The purpose of these four systematic reviews is to assess the role of surgical strategies in the management of liver metastases of nets, to evaluate the use of adjuvant and neoadjuvant therapies, to define selection criteria for patients who benefit the most from liver transplantation, and to study the influence of resection of the primary tumor.


    Methods

    Overview

    These four systematic reviews dealing with surgical treatment options for NET liver metastases attempt to answer the questions with regard to liver resection in patients with hepatic metastases (see Textbox 1), neoadjuvant and adjuvant treatment strategies (see Textbox 2), liver transplantation in patients with unresectable hepatic metastases (see Textbox 3), and resection of the locoregional primary neuroendocrine tumor (see Textbox 4).

    We will report our review findings in accordance with the standards of the Preferred Reporting Items for Systematic reviews and Meta-Analyses [32]. Our reviews were prospectively registered with the International Prospective Register of Systematic Reviews: liver resection (CRD42012002652) [33], neoadjuvant and adjuvant treatment strategies (CRD42012002656) [34], liver transplantation (CRD42012002655) [35], and resection of the locoregional primary NET (CRD42012002654) [36].

    The systematic review inclusion and exclusion criteria are listed in Tables 1-4. No language or publication date restrictions were imposed on the literature search. All accessible publications were included. The following study designs will be included for the qualitative synthesis of the systematic review: randomized controlled trials (RCTs), prospective and retrospective comparative cohort studies, and case-control studies. Case series will only be included in a separate database for descriptive purposes. The number of excluded studies and reasons for exclusion will be reported in a flow diagram, according to the PRISMA Statement 2009 (Figure 1) [32].


    Textbox 1. Questions with regard to liver resection in patients with hepatic metastases from neuroendocrine tumors.
    View this box

    Textbox 2. Questions with regard to neoadjuvant and adjuvant treatment strategies be used together with liver resection for neuroendocrine liver metastases.
    View this box

    Textbox 3. Questions with regard to liver transplantation in patients with unresectable hepatic metastases from neuroendocrine tumors.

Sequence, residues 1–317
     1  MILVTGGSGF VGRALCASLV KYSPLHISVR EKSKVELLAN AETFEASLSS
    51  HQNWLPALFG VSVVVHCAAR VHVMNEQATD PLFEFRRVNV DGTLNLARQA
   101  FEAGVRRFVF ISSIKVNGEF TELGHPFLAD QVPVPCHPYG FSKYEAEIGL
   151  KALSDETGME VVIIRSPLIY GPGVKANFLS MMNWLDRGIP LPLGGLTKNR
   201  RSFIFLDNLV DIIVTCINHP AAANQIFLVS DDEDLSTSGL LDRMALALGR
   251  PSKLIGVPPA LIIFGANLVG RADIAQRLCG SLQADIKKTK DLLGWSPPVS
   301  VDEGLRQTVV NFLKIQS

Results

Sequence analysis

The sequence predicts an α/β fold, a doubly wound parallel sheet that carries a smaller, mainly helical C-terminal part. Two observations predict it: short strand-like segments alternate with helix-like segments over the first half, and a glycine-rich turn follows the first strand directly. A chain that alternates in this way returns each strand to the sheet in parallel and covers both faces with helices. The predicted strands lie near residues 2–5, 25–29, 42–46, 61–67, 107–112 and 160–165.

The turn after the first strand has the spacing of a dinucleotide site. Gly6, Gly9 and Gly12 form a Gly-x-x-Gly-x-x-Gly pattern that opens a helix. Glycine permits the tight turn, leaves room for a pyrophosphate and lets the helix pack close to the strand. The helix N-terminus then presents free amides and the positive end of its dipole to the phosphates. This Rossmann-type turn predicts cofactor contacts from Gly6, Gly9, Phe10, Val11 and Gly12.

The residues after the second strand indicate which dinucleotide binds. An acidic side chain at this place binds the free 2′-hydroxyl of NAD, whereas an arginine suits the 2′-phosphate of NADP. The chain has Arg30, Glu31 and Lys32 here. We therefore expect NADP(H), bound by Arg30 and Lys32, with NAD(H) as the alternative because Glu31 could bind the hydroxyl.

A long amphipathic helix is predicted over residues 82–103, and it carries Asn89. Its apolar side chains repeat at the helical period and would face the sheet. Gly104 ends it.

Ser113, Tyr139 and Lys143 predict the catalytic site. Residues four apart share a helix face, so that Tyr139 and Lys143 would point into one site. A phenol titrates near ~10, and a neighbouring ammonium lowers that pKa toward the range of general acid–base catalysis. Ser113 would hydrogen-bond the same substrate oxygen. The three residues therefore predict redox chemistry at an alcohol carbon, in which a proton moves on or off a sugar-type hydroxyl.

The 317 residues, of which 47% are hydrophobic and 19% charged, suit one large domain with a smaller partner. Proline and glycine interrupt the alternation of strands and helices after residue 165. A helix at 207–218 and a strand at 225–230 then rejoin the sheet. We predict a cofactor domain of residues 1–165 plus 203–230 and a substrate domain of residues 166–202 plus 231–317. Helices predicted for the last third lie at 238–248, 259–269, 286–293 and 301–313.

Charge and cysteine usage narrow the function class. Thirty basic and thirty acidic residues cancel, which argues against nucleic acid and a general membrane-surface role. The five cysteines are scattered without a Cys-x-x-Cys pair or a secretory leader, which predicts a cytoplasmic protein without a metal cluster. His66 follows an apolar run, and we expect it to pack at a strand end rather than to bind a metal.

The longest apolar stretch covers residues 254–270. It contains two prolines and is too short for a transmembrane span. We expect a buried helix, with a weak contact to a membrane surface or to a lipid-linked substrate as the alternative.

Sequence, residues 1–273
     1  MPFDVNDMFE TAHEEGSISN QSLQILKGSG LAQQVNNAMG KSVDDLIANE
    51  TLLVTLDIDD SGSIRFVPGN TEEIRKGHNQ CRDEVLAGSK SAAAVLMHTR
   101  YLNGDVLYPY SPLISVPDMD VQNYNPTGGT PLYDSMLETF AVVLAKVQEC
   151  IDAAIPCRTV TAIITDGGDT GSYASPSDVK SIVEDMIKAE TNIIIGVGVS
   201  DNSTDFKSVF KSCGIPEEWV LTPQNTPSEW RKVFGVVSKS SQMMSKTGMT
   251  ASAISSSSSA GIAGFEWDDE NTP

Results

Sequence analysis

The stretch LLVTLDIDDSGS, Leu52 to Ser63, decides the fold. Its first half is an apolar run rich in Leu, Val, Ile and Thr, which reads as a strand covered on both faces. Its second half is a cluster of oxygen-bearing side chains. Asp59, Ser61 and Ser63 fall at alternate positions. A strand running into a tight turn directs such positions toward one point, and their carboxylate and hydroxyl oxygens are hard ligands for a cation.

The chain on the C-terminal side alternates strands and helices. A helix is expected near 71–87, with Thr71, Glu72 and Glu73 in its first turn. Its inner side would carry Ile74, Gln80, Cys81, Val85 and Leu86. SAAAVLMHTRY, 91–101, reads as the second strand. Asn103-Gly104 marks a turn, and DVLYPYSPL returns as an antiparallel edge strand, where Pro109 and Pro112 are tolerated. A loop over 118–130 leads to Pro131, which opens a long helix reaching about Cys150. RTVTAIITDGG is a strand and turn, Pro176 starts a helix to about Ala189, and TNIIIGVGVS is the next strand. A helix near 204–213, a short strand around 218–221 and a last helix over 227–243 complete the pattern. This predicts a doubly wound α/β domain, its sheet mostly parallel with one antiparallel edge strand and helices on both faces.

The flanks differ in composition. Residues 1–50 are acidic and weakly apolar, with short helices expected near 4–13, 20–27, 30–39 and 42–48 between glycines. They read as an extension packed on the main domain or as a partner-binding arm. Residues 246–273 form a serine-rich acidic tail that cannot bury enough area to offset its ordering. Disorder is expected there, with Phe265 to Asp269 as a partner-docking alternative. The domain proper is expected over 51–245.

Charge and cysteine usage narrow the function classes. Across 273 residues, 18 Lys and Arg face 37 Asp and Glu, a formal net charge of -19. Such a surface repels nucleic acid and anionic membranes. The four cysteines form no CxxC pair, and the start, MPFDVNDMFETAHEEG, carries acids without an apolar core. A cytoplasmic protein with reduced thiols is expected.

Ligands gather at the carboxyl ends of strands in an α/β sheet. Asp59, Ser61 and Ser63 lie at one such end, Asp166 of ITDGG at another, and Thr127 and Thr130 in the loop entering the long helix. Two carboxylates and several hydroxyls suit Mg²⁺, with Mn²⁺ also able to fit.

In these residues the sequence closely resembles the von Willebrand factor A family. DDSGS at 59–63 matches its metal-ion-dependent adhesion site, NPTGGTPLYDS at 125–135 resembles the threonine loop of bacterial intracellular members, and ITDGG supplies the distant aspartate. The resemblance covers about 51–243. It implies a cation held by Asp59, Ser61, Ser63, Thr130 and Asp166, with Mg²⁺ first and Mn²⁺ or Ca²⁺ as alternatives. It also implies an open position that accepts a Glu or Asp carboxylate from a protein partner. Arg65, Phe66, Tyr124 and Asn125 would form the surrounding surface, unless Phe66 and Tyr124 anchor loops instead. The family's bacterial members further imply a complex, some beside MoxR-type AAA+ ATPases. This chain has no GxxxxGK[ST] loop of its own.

View this box

    Textbox 4. Questions with regard to resection of the locoregional primary neuroendocrine tumor in the presence of nonresectable liver metastases.
    View this box
    Table 1. Eligibility criteria for review on liver resection [33].
    View this table
    Table 2. Eligibility criteria for review on neoadjuvant and adjuvant treatments [34].
    View this table
    Table 3. Eligibility criteria for review on liver transplantation [35].
    View this table
    Table 4. Eligibility criteria for review on resection of the primary tumor [36].
    View this table
    Figure 1. Flow diagram representing the number of excluded studies and reasons for exclusion.
    View this figure

    Search

    Librarians of the Medical Library Careum, University of Zurich, Switzerland, developed the electronic search strategy to query databases and to identify all potentially relevant articles (see Multimedia Appendix 1). The following databases were searched: Medical Literature Analysis and Retrieval System Online, Excerpta Medica Database, and the Cochrane Library (Cochrane Database of Systematic Reviews, Database of Abstracts of Reviews of Effects, and Cochrane Central Register of Controlled Trials). The investigators were provided with an endnote file containing all identified titles and, if available, the corresponding abstracts. Additional articles were retrieved through manual search or scanning of reference lists. Titles and/or abstracts of all identified records were independently screened by 2 members of the review team to ascertain their relevance and to identify studies that potentially meet the inclusion criteria as outlined in Tables 1-4. The full text of each of these potentially relevant studies was then assessed for eligibility. Any disagreement was resolved through discussion with a third review team member. A predefined protocol was used to extract data from the included studies for the assessment of study quality and evidence synthesis.

    Data Extraction

    The following parameters will be chosen for data extraction: first author’s name, publication year, answering scientific questions, study design, total number of patients, number of patients in the study group, number of patients in the comparison group, type of nonsurgical treatment, age (mean, SD, median), male-to-female ratio, progression-free survival, OS, quality of life (tools), and hazard risk ratio. The Grading of Recommendations Assessment, Development, and Evaluation will be used to grade the quality (level) of evidence and the strength of recommendations [37].

    A narrative synthesis of the findings from the included studies will be provided. A quantitative synthesis will be used for studies that are sufficiently homogenous from a clinical (population comparability, interventions, and outcomes) and from a statistical perspective (heterogeneity, eg, I2<50%). It is anticipated that there will be a limited scope for meta-analysis despite a relatively large number of studies due to different outcome measurements of the existing trials as such tumors are rare. However, results from studies using the same type of intervention and comparator with the same outcome measurements will be pooled using a random-effects meta-analysis. In addition, risk ratios for binary outcomes, 95% CI, and two-sided P values will be calculated for each outcome.